Interesting conversations have been going on in various spaces these past few days. It all started with rumoured warships and by the time the week was out, social media had given us a new question: “Who let the car in?” All this got me thinking about the making of political discourse, leaders and influencers and how the conversation has evolved over the years. I will not take you back all the way to Independence, but let me start with the student organisations that bred the likes of Nobert Mao, the late Brig Noble Mayombo, Medard Sseggona and youth leaders like Sarah Kagingo.
A colleague recently asked a question: “What happened to the Makerere that bred these orators and political players?” I was hard pressed to give an immediate answer, except perhaps to state the obvious that student culture and the accompanying structures have been eroded and perhaps the level of discussion has dropped and the distractions are numerous.
However, as the political temperature was dropping at the university campuses, a new space was opening up and allowing in new voices. In 1993, the first FM radio station went on air and shortly afterwards, the first mobile telephone company set up shop in town. Together, the two developments paved the way for thousands of voices to hit the airwaves, many of them never heard before.
Suddenly, you could call in to the radio from your distant district and get access to a vast audience. Some stations took the radio debate to the open air via the popular but short-lived bimeeza. Many gained prominence, fame and notoriety from radio talk shows. Their names preceded them where one often could not put faces to the characters. Many made it to Parliament on account of having become an earworm to the electorate. I am sure you can name a few.
Fast forward, the unseen characters from our radio days made it to TV and now we have TV celebrity politicians. Again, we are not short of examples whose career has been vastly boosted by their TV theatrics. We have the crop that started conversations from their music and theatre stages and these are a force to reckon with too. This is not to discount the other factors that went into shaping the political conversation and defining the space in which that conversation takes place.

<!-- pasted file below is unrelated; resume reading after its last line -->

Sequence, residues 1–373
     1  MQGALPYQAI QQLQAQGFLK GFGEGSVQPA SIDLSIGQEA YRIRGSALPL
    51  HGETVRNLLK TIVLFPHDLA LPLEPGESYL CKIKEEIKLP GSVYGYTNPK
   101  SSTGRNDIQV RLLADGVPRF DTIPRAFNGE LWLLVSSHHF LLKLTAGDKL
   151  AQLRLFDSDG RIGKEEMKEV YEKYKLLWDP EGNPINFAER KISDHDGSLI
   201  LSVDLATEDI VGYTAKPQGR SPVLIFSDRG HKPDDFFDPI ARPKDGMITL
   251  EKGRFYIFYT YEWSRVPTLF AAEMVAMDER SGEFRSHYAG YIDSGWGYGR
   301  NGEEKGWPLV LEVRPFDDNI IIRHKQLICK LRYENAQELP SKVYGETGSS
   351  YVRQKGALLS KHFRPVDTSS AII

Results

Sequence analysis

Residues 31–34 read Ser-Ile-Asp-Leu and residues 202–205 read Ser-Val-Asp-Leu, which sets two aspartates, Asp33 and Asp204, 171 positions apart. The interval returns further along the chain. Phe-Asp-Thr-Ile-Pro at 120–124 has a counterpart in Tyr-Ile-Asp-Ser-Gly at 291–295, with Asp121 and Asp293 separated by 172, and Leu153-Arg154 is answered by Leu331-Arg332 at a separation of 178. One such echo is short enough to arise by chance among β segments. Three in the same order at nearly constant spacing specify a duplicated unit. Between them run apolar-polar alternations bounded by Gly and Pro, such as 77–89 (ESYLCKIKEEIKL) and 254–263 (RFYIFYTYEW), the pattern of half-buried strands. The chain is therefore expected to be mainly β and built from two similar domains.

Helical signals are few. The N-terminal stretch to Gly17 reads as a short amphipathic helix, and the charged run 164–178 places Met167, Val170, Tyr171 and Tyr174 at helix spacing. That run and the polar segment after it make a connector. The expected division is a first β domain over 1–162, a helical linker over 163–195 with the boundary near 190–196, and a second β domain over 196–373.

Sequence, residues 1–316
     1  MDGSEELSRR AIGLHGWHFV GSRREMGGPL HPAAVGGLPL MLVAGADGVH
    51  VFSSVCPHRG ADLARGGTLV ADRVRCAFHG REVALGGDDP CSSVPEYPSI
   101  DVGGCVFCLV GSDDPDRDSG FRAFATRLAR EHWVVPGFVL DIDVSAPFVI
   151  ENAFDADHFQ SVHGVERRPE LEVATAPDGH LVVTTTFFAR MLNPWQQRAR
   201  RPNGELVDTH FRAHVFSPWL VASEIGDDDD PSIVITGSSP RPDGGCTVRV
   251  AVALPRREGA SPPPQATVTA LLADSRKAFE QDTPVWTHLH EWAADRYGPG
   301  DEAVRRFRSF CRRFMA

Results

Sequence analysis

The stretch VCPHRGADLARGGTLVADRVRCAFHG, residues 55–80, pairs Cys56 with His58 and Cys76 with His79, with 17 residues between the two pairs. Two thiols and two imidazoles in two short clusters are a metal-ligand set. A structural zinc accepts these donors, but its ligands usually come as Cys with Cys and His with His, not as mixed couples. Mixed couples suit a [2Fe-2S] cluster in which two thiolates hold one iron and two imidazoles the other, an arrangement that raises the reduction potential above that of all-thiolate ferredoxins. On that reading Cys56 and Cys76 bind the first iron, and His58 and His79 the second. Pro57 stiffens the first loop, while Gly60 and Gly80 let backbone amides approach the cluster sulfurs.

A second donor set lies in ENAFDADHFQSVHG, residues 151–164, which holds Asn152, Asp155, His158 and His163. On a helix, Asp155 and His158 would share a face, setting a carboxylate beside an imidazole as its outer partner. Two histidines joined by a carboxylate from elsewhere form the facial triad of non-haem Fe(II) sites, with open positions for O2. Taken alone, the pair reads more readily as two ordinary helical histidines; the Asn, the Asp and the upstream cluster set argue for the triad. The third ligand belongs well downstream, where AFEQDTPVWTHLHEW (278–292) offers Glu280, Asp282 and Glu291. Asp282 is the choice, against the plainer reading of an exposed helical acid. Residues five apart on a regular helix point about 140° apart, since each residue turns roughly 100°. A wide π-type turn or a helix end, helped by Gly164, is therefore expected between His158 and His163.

Speaking of space, the political space is not as accommodating as it was back in the day of the student movements and the open air kimeeza debates. If you tried organising the sort of parades that characterised student life in the 80s and early 90s at the university, riot police would arrive at the university gates before you have time to say “Lumumba oyee” three times.
Thus, while political consciousness is not on the decline, we are retreating to relative anonymity, not unlike the days of the call-in radio debates. On social media, we have the influencers as opinion leaders and then we have thousands of wananchi, often hiding behind a pseudonym in order to speak freely. Lately, it is not uncommon to see thousands dialling in to comment on a particular topic, for example, missing persons or the bulletproof car.
Nowhere in our recent history has there been evidence of more people wanting to speak out, having the means to express themselves at their fingertips and yet feel so restricted at the same time. True, we have evolved and technology has gotten better but are we better for it or have we upgraded and left some primitive settings intact?
Ms Nampewo is a writer, editor and communications consultant